Health pushes firms’ tax up

State to double levy to keep fund solvent in 2010

'MAJOR BLOW TO EMPLOYERS' Michael Widmer of the Mass. taxpayers group said the state has one of the highest jobless insurance costs in the nation. 'MAJOR BLOW TO EMPLOYERS'
Michael Widmer of the Mass. taxpayers group said the state has one of the highest jobless insurance costs in the nation.
By Kay Lazar
Globe Staff / November 26, 2009

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The Patrick administration intends to double a key tax on employers in an effort to save health insurance for thousands of laid-off Massachusetts workers, after a fund to help them has been virtually drained by the highest unemployment rates in three decades.

The administration’s plan would also require the unemployed to shoulder more costs for certain doctors’ visits.

The emergency measures would keep the Medical Security Trust Fund solvent through the end of 2010 and preserve roughly $300 million in federal Medicaid reimbursements that Massachusetts would lose if the program failed, Labor and Workforce Development Secretary Suzanne Bump said in a telephone interview yesterday.

“There are hundreds of millions of dollars of federal reimbursement that hang in the balance,’’ Bump said.

Without changes, the trust fund, which is the pool of money that pays for health insurance for the unemployed, would finish next year more than $80 million in deficit.

The health insurance program, which is funded solely by a tax on employers, helps lower- and middle-income people who fail to qualify for other state-subsidized health care programs designed for the poor. The program covers roughly 34,000 unemployed residents.

Businesses pay $16.80 per employee, per year into the trust fund, a tax that will double to $33.60 under the administration’s plan. To cushion that impact, the administration also intends to ask the Legislature to lessen the planned increase in another tax businesses are required to contribute for unemployment benefits.

Businesses were facing an automatic 40 percent increase in that second tax, triggered by an increase in unemployment benefit payouts. Instead of hiking the tax as much, the Patrick administration will propose borrowing the difference from the federal government.

“We are aware that the ability of the business community to shoulder these burdens is finite,’’ Bump said. “We really felt the need to offset an increase in the Medical Security Program contribution with a lower [unemployment tax] rate for next year.’’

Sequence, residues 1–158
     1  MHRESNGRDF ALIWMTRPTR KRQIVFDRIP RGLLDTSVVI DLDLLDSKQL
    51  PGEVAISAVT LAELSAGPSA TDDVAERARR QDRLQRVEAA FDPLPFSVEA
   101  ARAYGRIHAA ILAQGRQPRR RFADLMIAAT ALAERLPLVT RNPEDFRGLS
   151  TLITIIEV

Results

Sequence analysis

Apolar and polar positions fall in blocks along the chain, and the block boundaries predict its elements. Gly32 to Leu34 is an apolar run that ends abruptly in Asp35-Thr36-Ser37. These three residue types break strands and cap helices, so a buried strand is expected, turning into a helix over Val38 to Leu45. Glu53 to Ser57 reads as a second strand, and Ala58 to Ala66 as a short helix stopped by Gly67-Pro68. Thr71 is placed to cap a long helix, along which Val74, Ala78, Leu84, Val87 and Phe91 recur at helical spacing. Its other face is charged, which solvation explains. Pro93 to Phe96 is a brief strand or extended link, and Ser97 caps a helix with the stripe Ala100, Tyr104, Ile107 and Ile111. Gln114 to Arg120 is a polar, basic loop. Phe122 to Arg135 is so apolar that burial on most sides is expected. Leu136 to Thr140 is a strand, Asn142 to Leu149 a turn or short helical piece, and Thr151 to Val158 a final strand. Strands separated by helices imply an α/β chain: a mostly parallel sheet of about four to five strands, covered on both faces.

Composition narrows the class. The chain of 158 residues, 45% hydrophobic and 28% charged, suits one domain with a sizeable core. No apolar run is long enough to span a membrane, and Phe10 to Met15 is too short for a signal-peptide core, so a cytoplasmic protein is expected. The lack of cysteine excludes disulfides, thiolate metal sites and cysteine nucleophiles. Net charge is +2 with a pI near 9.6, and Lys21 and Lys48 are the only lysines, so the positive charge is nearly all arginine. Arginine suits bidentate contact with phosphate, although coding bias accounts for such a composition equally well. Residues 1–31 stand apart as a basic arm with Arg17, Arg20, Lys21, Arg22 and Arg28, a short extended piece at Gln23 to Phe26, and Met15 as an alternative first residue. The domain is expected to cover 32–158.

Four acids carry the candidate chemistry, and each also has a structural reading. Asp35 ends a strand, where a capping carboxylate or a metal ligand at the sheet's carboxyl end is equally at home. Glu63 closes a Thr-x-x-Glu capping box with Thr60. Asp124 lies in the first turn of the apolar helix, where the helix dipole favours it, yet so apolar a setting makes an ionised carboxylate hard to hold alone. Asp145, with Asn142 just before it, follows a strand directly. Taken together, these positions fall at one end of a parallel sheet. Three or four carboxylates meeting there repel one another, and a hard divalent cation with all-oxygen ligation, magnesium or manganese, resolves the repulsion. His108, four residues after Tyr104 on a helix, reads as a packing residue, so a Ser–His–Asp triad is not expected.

The proposal to lessen the planned increase in unemployment taxes, from 40 percent to roughly 30 percent, would need legislative approval. Even if passed, employers would still end up with a net increase in what they now pay.

A three-member board - Patrick’s commissioners of insurance, Medicaid, and unemployment assistance - are scheduled Monday to approve the plan to double the business tax to keep the health insurance program afloat. That increase would take effect in January.

Yesterday, business leaders seemed resigned to the hikes.

“It’s a good-faith effort by the administration to try and cushion the impact here, but it’s still going to be a major blow to employers,’’ said Michael Widmer, president of the Massachusetts Taxpayers Foundation, a business group. “We already have the highest unemployment insurance costs in the nation, we and the state of Washington.’’

The administration’s plan would also require the unemployed to pay more for doctors’ visits, if they choose providers deemed by the state to be a higher cost, lower-quality caregiver. However, patient copayments would remain level if they remain with preapproved providers.

The state’s largest health consumer group, Health Care for All, expressed mixed emotions over this cost-saving approach.

“We think this is a good temporary solution to get the state over the really severe funding crunch,’’ said the group’s research director, Brian Rosman. “Given the really difficult budget challenges, we see this shared responsibility solution with businesses also paying more, as an attractive option.’’

But Rosman questioned the criteria that will be used to determine which physicians are lower-quality and higher-cost providers.

“We want to make sure that patients have enough information to make informed choices, based on their individual needs, and not just the copay differentials,’’ Rosman said. “We also think the providers should have full knowledge of the criteria used to place them into the tiers.’’

A report last week by the Massachusetts Budget and Policy Center, an independent think tank, found that the Medical Security Trust Fund would not be going broke if taxes on employers had kept pace with inflation, as required by the 1988 law that created the program, the report stated.

But Bump disputed that reading of the law.

She said the fees the state charged businesses would have been sufficient if the recession had not dragged on for so long and if Congress had not repeatedly extended unemployment benefits. Those extensions have drained about $60 million from the fund since July 2008, according to the state.

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